Martine Fougeron, Adrien and Nicolas Dining, 2005. Courtesy the artist

Martine Fougeron, Nicolas and Hannah, 2017. Courtesy the artist

Martine Fougeron, Adrien in Mamy Jackie's Dining Room, 2011. Courtesy the artist

Martine Fougeron, Adrien and Nicolas in their Basement Studio at Home, 2015. Courtesy that artist

Martine Fougeron, Adrien on Blue Couch, 2006. Courtesy the artist

Portfolio

Little did Martine Fougeron know, when she began photographing her sons, Nicolas and Adrien, 15 years ago, that it would become a long-term project. When she began taking pictures of her sons – now 28 and 27 years old – they were teenagers. Fougeron, who was born in Paris, had left her job as creative director of International Flavors and Fragrances (IFF) in New York and enrolled at the International Center of Photography (ICP) in 2005. For her thesis project, she submitted a series of intimate portraits of her then-teenaged boys. But though she graduated from ICP, her commitment to photographing her sons continued. 

Fougeron structured her long-term project like chapters in a book – the boys’ early teenage years, tribal life with their friends, early adolescence at home in New York, summers in France, and finally college and work. In these chapters, she explores their daily lives and their personalities as individuals and as social beings. She achieves a fine balance between intuition and objectivity, intimate formality and relaxed spontaneity, capturing her sons’ body language and the nuances of changing relationships, with each other and with friends and girlfriends. In one affectionate photograph, for example, Adrien is stretched out languorously on the grass, eyes closed; his girlfriend sits next to him, her bare legs across his torso. It is a beautifully observed, sensuous picture. Collectively, her photographs become a visual narrative based on her sons’ evolving lives.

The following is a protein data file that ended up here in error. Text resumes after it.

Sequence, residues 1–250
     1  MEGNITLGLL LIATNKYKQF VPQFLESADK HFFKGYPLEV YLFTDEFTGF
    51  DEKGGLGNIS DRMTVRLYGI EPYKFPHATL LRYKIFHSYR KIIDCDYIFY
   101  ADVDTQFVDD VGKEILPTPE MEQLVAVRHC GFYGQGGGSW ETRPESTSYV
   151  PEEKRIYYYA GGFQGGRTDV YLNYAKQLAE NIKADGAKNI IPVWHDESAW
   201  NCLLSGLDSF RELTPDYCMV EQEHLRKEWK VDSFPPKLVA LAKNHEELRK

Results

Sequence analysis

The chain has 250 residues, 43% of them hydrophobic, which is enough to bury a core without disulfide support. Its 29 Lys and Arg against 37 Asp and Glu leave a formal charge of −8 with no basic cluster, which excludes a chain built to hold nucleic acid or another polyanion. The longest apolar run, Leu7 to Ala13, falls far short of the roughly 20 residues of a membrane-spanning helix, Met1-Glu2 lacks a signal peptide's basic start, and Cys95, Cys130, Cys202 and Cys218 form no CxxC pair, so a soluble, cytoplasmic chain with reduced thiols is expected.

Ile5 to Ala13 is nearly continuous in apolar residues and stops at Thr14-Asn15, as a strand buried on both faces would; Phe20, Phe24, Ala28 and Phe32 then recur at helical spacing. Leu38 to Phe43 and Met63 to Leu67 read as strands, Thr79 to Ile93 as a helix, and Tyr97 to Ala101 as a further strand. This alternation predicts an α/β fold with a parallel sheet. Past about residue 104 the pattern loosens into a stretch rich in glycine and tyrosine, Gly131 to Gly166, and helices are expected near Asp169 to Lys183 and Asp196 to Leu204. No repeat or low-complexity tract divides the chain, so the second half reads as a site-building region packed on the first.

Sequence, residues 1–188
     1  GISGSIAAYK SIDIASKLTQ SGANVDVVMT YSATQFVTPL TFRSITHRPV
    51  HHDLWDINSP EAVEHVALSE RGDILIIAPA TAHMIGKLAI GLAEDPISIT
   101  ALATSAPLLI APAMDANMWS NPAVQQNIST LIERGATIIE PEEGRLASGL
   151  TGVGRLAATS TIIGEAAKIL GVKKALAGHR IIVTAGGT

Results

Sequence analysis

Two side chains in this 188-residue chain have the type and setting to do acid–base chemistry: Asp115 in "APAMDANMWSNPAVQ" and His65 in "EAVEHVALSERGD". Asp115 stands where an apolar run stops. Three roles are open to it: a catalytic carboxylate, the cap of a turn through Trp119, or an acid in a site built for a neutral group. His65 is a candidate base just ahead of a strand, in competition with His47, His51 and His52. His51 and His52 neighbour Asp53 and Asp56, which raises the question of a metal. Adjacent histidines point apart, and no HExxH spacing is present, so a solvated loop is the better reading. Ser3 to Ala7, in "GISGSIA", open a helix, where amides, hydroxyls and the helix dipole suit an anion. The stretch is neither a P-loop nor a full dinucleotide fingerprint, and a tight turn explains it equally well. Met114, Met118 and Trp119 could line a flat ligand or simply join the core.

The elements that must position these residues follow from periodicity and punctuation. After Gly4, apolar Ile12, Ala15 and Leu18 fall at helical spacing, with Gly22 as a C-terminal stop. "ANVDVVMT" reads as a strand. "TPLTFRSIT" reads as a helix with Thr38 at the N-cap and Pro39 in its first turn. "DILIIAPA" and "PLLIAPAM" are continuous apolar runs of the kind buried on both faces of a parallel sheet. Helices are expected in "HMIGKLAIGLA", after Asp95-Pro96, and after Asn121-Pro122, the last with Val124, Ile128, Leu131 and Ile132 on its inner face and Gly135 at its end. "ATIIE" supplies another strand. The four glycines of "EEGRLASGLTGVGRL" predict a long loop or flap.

Her color portraits often contain contrasting qualities. They are carefully lit and composed but they are also lively and of the moment. Fougeron says that she thinks of color and shape first, lighting the images cinematically. She cites Vermeer’s paintings of domestic life as well as Larry Sultan’s photographs of his parents as inspirations, and she is fond of quoting Matisse: “But isn’t love at the origin of all creation?” Her love for her sons is the underlying thread connecting all of these fine psychological portraits. Her book Nicolas & Adrien has just been published by Steidl, but she already has her sights set on the next chapter – their lives with their own families and their own adult responsibilities. Stay tuned.